I can answer some of those questions for you. So we do have the normal legal protections with Steven that we have -- that you would expect with any former employee. I would tell you that we're in ongoing discussions with Steven about how to make sure that our activities are cooperative and not competitive. I am completely dedicated to protecting Wave's assets and will not compromise that for anyone, including former employees of the company. And in response to the question about the relative -- with the Scrambls-related product, we're in ongoing licensing discussions with Lexi Sprague and her company right now in order to properly license that and protect Wave as well but also to try to take advantage of the opportunity that might be created there.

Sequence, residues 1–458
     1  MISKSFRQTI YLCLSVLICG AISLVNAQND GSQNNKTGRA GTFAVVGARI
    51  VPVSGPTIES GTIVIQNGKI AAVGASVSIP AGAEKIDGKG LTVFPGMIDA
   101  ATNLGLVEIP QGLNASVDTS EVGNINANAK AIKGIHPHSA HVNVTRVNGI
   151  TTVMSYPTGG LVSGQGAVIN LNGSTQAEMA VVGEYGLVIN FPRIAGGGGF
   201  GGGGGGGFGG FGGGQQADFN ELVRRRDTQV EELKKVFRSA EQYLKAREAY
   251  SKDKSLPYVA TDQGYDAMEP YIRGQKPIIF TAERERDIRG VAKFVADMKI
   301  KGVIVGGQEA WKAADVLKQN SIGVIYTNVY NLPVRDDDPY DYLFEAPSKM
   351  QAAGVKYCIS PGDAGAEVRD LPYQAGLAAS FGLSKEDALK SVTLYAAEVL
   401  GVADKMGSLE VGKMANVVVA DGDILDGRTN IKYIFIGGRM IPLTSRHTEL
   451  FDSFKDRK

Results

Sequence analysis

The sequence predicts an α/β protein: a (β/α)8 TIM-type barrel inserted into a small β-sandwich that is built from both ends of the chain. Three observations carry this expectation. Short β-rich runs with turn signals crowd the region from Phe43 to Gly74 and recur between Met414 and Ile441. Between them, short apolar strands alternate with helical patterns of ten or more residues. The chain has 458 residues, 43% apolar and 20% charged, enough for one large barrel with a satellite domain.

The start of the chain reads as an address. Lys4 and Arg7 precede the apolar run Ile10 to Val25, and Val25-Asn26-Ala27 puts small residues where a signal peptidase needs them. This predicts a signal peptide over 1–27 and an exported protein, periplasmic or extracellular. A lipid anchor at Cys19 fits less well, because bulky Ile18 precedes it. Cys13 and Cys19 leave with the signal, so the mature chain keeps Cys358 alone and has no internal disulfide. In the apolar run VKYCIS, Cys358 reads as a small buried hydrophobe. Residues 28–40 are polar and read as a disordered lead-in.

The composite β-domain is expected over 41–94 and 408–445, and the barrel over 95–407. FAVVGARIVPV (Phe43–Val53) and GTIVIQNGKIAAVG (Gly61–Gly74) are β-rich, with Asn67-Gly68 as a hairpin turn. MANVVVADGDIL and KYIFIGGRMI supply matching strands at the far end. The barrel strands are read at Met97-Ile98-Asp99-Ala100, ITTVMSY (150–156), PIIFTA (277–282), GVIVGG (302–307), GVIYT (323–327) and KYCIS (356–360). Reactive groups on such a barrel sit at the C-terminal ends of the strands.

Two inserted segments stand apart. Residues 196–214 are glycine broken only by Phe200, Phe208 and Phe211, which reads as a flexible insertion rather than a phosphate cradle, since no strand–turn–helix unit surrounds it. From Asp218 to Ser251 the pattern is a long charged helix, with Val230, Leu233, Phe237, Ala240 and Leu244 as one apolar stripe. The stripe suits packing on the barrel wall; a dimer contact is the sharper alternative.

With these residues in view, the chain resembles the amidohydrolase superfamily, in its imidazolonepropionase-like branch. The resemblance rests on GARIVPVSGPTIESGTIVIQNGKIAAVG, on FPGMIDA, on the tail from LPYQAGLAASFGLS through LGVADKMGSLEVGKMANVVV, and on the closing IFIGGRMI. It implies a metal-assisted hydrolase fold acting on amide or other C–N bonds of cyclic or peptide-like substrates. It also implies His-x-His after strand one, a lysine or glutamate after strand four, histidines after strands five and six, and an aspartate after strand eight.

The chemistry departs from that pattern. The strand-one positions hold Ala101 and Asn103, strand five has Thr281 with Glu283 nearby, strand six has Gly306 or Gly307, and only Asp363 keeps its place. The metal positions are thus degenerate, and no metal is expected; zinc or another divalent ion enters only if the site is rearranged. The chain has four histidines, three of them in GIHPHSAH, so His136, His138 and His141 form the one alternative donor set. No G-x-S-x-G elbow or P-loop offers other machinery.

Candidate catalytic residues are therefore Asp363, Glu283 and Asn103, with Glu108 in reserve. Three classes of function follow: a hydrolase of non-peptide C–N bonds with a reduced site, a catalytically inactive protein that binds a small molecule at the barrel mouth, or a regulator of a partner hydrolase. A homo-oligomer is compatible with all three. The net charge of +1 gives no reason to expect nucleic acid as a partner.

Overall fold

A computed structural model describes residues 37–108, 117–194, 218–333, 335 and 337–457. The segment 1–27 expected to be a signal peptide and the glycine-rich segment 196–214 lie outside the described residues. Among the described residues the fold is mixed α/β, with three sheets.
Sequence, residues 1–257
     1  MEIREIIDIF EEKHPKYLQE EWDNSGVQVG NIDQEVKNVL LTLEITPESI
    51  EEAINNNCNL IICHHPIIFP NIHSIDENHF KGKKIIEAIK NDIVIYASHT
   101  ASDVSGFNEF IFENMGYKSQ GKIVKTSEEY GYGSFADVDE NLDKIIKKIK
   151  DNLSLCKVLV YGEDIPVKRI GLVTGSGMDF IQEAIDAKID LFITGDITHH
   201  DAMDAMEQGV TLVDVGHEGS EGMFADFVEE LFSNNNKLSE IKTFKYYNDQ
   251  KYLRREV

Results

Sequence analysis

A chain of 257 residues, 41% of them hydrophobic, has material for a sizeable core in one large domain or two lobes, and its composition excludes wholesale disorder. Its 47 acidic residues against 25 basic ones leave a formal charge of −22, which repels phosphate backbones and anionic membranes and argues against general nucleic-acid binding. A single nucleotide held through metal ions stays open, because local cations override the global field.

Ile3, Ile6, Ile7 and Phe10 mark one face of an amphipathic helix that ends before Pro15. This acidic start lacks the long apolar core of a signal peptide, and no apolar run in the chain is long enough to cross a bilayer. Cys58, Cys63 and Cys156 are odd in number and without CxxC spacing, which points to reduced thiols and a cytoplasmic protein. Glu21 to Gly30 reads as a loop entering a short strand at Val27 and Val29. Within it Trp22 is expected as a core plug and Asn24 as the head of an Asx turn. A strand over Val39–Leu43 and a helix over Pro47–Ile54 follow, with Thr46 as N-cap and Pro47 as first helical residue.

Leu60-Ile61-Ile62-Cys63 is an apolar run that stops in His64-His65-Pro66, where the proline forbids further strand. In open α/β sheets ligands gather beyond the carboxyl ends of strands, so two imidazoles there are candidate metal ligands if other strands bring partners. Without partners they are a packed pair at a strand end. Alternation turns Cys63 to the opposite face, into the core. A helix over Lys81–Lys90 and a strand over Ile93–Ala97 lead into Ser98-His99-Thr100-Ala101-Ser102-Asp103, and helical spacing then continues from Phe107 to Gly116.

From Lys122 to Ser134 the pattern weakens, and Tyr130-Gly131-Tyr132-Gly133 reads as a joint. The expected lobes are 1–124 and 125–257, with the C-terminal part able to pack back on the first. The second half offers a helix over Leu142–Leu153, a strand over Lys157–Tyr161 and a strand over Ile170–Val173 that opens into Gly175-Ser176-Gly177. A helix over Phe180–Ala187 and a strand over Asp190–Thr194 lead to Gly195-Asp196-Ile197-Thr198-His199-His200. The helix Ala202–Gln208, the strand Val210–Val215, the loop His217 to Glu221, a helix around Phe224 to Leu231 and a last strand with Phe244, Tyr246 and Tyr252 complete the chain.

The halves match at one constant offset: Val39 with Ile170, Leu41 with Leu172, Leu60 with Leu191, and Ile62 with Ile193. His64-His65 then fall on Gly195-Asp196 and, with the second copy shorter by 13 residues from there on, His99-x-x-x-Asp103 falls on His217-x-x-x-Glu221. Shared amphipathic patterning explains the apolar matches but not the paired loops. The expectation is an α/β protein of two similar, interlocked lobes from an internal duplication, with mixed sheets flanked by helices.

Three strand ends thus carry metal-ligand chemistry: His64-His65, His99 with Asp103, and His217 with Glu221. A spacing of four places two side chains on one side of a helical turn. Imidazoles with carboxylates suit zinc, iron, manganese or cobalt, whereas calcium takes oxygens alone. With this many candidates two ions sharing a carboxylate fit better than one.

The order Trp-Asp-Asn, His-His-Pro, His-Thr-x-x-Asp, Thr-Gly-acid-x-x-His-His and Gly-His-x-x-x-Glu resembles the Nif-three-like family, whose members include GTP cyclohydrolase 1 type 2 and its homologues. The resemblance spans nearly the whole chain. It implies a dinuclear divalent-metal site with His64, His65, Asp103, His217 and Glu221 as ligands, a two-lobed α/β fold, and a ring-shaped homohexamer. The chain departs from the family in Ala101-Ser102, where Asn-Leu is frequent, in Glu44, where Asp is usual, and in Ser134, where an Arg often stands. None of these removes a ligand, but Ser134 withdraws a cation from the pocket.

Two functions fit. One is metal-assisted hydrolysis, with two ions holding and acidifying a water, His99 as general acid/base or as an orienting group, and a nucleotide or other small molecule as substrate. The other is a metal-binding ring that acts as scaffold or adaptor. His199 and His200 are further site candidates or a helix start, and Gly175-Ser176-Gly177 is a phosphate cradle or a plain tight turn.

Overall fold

Unknown Shareholder

Okay. And as far as the company that was created, you have no comment. Is that correct? That the previous CEO is now involved with...

William M. Solms

I'm not -- I am not aware of any company that was created prior to his departure from Wave, so it would be inappropriate for me to comment on that.

Operator

We now have a question from the line of Waltz Polson [ph], a private investor.

Unknown Shareholder

Yes. Bill, what are the challenges that remain to begin securing meaningful enterprise business and federal government business?

William M. Solms